Ambulance driver M.O. Jayan has handled police harassment and customer indifference with equanimity
By Shevlin Sebastian
"I was taking a patient from the Medical Trust hospital to the Alleppey Medical College," says M.O. Jayan, 34, the ambulance driver for Welcare Hospital. "He was an old man, in his eighties, and his forty-year-old son was accompanying him. He was being given oxygen. But, now and then, the tube was falling off. This was unusual. The tube never falls off. So, I had to stop the vehicle four times and adjust the tube."
Jayan finally discovered what was happening when he looked through the rear view mirror. The son was pressing on the tube, to prevent the oxygen from reaching his father. Hence, the pressure built up at the other end and the tube was falling off. So, he asked the man why he was doing this. The man said, "I have been looking after my sick father for nine years. Because the medical expenses were so high, I had to sell my house and move to a rented flat. My brothers and sisters are not bothered at all." Both his wife and he were labourers. He had three daughters, all of a marriageable age.
"Even though I felt sad, I could understand his agony," says Jayan. "His father was draining away the money. Hence, he wished that his father was dead. This happened five years ago and it is an incident that I have never forgotten."
Jayan has been an ambulance driver for 14 years. He is on 24 hour call and says that he gets around two calls a day, and the monthly average works out to about 50. Most of the calls are for patients who have been in accidents or have suffered fractures or dislocations. "When they call us, it is not necessary they will ask to be taken to Welcare," he says. "They might want to go to the Medical Trust or the Ernakulam Medical Centre."
And he can take them there in a very short time because an ambulance driver has certain privileges. If he is carrying a patient, who is in a medical emergency, he can activate the siren, go down a one-way street, cross red lights and go in the opposite lane. But, as is usually the case with freedoms in India, it is frequently abused.
"There are many drivers who activate the siren even when they are not carrying a patient, as they do not want to get stuck in traffic," he says. "As a result, we are losing our credibility." Sometimes, bus drivers can see inside the ambulance and they will refuse to move their vehicles to the side. "When there is a genuine emergency, this attitude can have fatal consequences," he says.
Despite this, Jayan says the public is always willing to co-operate. "Our problem is with the police," he says. Some time ago, he got a call from Amrita Hospital to collect a patient immediately. So he switched on the siren, so that he could travel quickly. At Edapally, the constable noticed the empty ambulance and detained him for one and a half hours, despite his pleas. The Amrita hospital was forced to hire another ambulance.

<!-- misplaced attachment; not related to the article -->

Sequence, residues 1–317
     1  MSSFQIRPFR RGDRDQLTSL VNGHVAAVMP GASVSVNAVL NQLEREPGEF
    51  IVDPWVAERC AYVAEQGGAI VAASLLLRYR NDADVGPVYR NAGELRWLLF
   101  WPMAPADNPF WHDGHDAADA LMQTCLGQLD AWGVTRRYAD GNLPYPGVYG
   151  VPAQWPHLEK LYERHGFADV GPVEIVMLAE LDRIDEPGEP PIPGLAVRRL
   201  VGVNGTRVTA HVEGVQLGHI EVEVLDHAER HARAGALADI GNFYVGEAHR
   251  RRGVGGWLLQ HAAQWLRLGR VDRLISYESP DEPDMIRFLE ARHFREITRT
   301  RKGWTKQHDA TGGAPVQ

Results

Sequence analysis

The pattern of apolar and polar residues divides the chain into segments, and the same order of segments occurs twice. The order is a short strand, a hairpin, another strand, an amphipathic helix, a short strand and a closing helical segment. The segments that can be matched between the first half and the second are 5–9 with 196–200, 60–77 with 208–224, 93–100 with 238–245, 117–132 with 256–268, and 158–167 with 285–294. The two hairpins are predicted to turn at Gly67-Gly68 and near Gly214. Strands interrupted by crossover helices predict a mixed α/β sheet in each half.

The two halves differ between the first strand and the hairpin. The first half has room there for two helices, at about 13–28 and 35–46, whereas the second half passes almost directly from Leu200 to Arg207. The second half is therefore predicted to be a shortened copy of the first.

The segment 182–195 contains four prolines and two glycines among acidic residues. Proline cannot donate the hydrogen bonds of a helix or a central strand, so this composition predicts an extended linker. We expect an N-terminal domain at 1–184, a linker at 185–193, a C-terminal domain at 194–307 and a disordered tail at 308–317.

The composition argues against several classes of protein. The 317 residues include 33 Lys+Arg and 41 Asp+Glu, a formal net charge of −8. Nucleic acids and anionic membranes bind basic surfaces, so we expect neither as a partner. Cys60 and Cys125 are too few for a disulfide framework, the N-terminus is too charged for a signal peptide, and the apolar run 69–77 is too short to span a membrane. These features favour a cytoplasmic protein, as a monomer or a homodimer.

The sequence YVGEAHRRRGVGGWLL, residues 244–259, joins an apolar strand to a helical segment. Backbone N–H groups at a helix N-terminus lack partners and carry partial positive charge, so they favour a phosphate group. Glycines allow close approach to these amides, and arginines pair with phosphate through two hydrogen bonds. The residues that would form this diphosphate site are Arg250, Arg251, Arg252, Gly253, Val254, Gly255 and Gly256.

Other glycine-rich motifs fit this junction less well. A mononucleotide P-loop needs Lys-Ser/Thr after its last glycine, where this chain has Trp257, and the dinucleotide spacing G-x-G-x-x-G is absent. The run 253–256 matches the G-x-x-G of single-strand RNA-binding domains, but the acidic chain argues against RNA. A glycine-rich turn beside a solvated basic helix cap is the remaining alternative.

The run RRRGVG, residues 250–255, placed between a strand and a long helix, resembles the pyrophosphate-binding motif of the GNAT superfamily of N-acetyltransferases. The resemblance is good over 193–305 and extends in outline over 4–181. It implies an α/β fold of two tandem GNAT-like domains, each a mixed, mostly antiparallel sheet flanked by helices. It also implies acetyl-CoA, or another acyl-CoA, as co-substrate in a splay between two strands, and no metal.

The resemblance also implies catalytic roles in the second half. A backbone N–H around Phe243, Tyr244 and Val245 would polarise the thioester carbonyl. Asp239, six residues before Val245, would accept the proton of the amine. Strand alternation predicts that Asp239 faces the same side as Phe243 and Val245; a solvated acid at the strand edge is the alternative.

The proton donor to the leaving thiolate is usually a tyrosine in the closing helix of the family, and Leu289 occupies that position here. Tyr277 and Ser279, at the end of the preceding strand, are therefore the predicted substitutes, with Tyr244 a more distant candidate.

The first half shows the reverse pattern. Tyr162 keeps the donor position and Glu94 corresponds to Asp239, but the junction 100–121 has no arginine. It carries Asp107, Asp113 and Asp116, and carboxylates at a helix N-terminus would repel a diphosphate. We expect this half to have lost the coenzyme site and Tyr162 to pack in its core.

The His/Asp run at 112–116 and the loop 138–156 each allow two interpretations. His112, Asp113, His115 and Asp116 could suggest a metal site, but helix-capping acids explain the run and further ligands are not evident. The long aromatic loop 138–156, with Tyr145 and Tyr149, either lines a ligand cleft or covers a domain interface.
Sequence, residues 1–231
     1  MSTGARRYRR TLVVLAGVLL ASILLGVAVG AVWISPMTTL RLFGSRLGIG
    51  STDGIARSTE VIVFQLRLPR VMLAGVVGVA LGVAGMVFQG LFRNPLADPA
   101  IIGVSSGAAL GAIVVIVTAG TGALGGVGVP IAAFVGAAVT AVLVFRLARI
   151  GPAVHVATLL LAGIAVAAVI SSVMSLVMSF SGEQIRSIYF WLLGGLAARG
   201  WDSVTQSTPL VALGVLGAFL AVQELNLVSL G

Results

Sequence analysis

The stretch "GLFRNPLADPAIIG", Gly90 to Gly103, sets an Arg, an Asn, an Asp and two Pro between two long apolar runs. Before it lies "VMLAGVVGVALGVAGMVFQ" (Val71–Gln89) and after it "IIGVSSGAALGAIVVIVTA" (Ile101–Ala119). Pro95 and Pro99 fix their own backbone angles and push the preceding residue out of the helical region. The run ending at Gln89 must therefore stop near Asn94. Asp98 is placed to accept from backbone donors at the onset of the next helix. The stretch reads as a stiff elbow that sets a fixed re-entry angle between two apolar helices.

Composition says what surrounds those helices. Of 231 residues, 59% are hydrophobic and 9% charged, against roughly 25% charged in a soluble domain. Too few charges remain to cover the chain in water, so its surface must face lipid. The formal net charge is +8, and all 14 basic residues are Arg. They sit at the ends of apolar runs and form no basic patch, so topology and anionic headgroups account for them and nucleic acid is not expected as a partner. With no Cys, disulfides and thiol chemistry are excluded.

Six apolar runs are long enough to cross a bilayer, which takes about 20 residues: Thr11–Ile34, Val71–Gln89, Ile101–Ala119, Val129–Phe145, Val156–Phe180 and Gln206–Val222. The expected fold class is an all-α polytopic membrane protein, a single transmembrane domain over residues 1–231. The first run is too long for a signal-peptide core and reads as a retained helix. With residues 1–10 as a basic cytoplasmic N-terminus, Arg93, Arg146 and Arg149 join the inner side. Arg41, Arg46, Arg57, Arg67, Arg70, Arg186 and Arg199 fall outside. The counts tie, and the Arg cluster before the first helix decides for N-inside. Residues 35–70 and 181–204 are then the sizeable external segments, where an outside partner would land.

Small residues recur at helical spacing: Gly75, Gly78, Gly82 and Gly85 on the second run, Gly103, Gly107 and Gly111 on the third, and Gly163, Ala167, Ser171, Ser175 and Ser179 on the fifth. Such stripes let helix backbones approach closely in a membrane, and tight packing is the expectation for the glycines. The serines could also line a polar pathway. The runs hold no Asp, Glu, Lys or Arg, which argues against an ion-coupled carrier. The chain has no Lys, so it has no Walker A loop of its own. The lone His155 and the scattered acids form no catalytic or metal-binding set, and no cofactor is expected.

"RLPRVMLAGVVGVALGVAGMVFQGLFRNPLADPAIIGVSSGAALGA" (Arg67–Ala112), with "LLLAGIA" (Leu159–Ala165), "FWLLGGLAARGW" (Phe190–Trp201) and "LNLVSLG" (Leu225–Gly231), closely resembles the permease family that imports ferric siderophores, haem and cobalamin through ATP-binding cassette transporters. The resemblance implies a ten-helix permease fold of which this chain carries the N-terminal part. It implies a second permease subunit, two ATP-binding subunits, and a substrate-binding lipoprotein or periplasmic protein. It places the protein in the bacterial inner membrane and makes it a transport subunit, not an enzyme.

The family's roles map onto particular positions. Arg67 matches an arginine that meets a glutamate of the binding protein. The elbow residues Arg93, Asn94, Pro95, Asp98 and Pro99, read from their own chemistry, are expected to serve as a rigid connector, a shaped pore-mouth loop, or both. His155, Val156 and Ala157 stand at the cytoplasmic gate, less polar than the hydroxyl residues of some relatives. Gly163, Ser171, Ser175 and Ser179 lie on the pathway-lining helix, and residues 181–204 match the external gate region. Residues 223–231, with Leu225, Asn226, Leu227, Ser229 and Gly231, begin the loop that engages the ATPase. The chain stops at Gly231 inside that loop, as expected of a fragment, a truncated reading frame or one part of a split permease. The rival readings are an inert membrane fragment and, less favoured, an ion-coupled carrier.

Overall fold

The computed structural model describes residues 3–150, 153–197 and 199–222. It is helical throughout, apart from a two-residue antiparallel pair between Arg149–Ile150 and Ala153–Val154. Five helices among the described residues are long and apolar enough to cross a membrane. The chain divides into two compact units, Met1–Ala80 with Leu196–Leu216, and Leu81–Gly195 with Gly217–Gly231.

A constable, who is manning the Judge's Avenue crossing, but does not want to be identified, says, "Most of the time, ambulance drivers misuse the siren. Actually, you can use the siren only in an emergency. You cannot use it when you are transporting a dead body. Another problem is that drivers use mobile phones while driving. This is against the law."
Jayan says that people call him on the mobile only when there is an emergency. "How can I avoid taking the call?" he says. "It could be a matter of life and death."
"Rules are rules," says the constable. "It cannot be changed for ambulance drivers."
Jayan earns about Rs 4000 a month and about Rs 3000 extra from overtime work, as he is the only driver in Welcare. "For Jayan, the hospital is providing free food and accommodation," says M.T. Cherian, the administrator for Welcare.
During the week, the driver stays in the hospital and goes home on the weekend to Angamaly, where his wife, Sindhu, 28, and his two young sons, Chris Jay Martin and Aine Joseph, stay.
In his long career, what he misses most of all is the tips that he would get from the relatives of patients. "When I started out, there was no need for a salary," he says. "I could have survived on the tips alone. But now, people's attitude has changed. Since there are so many private ambulances, they feel we are making good profits and hence there is no need to give a tip."
Another aspect which surprises him is the way people refuse to help when he brings a stretcher to collect a patient. "They feel that since they are paying us, it is our duty," he says. "Even if it is their own father or mother, they don't want to lend a helping hand. Things have changed. Earlier, people had a heart. Now, it is all business-like."
But Jayan carries on, ferrying people to and from hospitals. Some live, some die, and the cycle of life goes on.
Permission to reproduce this article has to be obtained from The New Indian Express)